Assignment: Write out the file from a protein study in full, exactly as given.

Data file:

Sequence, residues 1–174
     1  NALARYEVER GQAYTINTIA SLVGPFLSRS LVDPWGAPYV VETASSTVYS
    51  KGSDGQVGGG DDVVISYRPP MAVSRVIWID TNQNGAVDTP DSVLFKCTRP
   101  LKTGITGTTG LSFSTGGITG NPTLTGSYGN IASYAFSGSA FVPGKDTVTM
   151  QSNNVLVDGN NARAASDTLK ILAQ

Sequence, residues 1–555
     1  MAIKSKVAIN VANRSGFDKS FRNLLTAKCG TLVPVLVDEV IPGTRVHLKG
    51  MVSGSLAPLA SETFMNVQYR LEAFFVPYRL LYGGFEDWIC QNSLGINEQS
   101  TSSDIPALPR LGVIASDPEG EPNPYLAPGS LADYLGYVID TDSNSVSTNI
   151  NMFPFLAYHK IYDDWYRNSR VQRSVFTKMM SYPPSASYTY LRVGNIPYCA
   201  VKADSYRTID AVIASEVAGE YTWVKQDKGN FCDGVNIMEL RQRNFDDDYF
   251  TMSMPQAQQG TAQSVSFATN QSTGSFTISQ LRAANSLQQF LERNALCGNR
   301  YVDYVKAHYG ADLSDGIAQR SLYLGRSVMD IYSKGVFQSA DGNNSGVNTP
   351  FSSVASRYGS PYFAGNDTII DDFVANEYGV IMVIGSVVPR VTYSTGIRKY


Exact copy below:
Sequence, residues 1–174
     1  NALARYEVER GQAYTINTIA SLVGPFLSRS LVDPWGAPYV VETASSTVYS
    51  KGSDGQVGGG DDVVISYRPP MAVSRVIWID TNQNGAVDTP DSVLFKCTRP
   101  LKTGITGTTG LSFSTGGITG NPTLTGSYGN IASYAFSGSA FVPGKDTVTM
   151  QSNNVLVDGN NARAASDTLK ILAQ

Sequence, residues 1–555
     1  MAIKSKVAIN VANRSGFDKS FRNLLTAKCG TLVPVLVDEV IPGTRVHLKG
    51  MVSGSLAPLA SETFMNVQYR LEAFFVPYRL LYGGFEDWIC QNSLGINEQS
   101  TSSDIPALPR LGVIASDPEG EPNPYLAPGS LADYLGYVID TDSNSVSTNI
   151  NMFPFLAYHK IYDDWYRNSR VQRSVFTKMM SYPPSASYTY LRVGNIPYCA
   201  VKADSYRTID AVIASEVAGE YTWVKQDKGN FCDGVNIMEL RQRNFDDDYF
   251  TMSMPQAQQG TAQSVSFATN QSTGSFTISQ LRAANSLQQF LERNALCGNR
   301  YVDYVKAHYG ADLSDGIAQR SLYLGRSVMD IYSKGVFQSA DGNNSGVNTP
   351  FSSVASRYGS PYFAGNDTII DDFVANEYGV IMVIGSVVPR VTYSTGIRKY